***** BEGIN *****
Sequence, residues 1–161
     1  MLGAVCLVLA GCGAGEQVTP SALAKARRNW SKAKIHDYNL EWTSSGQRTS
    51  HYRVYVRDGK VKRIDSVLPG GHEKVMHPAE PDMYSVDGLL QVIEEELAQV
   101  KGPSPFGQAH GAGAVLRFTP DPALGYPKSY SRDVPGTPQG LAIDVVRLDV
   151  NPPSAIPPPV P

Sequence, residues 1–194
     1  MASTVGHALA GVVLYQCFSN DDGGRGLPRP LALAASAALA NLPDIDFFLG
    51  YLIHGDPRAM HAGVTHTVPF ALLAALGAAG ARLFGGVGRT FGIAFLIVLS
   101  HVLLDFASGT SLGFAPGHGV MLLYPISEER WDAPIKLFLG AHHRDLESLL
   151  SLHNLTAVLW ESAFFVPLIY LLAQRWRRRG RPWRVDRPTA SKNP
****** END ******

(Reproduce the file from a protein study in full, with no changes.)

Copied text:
Sequence, residues 1–161
     1  MLGAVCLVLA GCGAGEQVTP SALAKARRNW SKAKIHDYNL EWTSSGQRTS
    51  HYRVYVRDGK VKRIDSVLPG GHEKVMHPAE PDMYSVDGLL QVIEEELAQV
   101  KGPSPFGQAH GAGAVLRFTP DPALGYPKSY SRDVPGTPQG LAIDVVRLDV
   151  NPPSAIPPPV P

Sequence, residues 1–194
     1  MASTVGHALA GVVLYQCFSN DDGGRGLPRP LALAASAALA NLPDIDFFLG
    51  YLIHGDPRAM HAGVTHTVPF ALLAALGAAG ARLFGGVGRT FGIAFLIVLS
   101  HVLLDFASGT SLGFAPGHGV MLLYPISEER WDAPIKLFLG AHHRDLESLL
   151  SLHNLTAVLW ESAFFVPLIY LLAQRWRRRG RPWRVDRPTA SKNP